Sometimes situations happen, for example, confrontations between neighbors or acquaintances, even injuries can occur, so we would be before a criminal act about which the victim will think to denounce (or not) his aggressor. Filled with indignation, the victim finally decides to denounce that neighbor or acquaintance to claim justice. But after some time, the situation can calm down and the accuser himself wonders if it is really necessary to continue the procedure.
In many cases, the denouncers, rather than regretting, get tired, perhaps because of the slowness of justice, perhaps because they even make peace with the accused.
The question is: can the denunciation be withdrawn? Or if the procedure is more advanced, can the victim ask for the proceeding to be closed?
EVEN IF THE VICTIM DOES NOT WANT TO CONTINUE, THE STATE CAN CONTINUE THE PROCEDURE AGAINST THE ACCUSED AND THE VICTIM IS REQUIRED TO COLLABORATE WITH JUSTICE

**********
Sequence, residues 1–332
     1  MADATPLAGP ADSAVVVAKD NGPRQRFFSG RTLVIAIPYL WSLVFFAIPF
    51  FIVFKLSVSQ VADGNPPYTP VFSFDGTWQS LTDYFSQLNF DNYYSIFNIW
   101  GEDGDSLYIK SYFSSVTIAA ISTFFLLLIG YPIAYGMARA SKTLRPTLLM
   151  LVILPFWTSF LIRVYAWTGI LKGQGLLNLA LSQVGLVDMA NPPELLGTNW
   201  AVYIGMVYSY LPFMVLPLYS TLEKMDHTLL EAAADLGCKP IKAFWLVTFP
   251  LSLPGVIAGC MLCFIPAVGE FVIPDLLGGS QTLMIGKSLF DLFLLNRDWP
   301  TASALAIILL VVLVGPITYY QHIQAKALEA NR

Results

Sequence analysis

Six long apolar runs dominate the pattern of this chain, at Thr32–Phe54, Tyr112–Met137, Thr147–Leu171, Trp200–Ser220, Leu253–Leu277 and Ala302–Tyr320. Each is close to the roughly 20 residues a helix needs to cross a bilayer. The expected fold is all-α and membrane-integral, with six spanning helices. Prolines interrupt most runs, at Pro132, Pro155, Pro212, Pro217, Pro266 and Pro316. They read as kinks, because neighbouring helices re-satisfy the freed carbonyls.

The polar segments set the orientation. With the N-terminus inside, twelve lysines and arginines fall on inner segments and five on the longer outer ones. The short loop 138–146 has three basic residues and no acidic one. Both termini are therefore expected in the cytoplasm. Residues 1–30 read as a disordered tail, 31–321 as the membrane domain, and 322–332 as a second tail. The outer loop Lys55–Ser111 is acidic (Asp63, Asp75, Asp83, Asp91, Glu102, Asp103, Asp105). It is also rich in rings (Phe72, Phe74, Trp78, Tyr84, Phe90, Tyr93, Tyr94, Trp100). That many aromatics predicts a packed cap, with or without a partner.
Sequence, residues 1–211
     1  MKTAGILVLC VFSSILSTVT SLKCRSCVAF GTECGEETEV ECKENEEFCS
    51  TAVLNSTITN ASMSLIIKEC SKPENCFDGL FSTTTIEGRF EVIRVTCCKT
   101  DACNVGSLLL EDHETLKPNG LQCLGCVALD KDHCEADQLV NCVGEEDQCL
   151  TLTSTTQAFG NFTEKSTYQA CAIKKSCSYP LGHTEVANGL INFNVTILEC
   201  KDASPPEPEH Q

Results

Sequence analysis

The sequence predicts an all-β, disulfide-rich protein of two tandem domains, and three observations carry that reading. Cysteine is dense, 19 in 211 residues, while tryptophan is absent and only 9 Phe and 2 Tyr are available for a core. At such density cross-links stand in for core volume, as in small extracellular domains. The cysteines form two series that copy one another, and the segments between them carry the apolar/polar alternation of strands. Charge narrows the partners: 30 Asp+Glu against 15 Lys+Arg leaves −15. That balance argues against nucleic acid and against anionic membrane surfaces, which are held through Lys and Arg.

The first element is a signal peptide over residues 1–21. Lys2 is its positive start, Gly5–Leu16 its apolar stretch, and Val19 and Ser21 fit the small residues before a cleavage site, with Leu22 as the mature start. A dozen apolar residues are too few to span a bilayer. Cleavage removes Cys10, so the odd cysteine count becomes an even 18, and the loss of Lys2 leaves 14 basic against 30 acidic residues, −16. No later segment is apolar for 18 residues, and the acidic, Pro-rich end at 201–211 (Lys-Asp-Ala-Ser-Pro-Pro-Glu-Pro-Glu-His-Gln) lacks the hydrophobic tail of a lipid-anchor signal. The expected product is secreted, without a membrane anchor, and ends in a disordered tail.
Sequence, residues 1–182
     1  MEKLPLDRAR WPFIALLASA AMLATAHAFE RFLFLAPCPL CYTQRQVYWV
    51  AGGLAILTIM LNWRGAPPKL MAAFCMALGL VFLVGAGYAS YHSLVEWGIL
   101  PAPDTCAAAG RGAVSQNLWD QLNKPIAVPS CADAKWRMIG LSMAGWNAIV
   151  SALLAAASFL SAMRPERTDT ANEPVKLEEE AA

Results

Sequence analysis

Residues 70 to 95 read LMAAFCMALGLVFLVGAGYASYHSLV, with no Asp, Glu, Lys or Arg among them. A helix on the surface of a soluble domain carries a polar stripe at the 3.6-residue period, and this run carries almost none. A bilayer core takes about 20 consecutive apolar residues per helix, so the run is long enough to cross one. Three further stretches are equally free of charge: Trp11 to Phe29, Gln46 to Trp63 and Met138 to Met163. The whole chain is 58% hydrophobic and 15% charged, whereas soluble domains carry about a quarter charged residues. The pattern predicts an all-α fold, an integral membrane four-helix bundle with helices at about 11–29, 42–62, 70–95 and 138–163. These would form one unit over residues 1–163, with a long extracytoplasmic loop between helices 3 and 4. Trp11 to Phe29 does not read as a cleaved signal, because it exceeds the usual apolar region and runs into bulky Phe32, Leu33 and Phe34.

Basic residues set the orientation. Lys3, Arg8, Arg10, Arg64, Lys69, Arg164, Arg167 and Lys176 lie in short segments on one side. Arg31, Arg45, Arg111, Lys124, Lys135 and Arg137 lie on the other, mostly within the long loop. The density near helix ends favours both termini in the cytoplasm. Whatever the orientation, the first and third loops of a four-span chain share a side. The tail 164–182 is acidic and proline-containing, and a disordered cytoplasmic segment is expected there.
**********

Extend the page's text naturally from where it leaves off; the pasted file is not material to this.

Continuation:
Under the Criminal Prosecution Law, the petitioner may abandon the criminal and civil actions, however, the procedure would continue, if necessary, with the Public Prosecutor’s Office, if it is a public crime.
This is because the justice system and the State, through the Public Prosecutor’s Office, cannot look the other way when they know that a public crime has occurred. And the Public Prosecutor’s Office will act instead the victim.
Of course, sometimes, depending on the seriousness of the crime, the Public Prosecutor’s Office itself will propose that the proceedings be closed, but as his task is to ensure that when crimes are committed, the criminal is punished, there will be occasions that he/she will decide to go ahead with the procedure.
In this last case, the denouncer, even if he wanted to give up the procedure, is obliged to collaborate with justice.
Finally, a word of warning: be very sure to denounce, but also to withdraw the complaint because once it has been withdrawn, you cannot denounce your neighbor or acquaintances for the same facts.
Maria Dolores Garcia Santos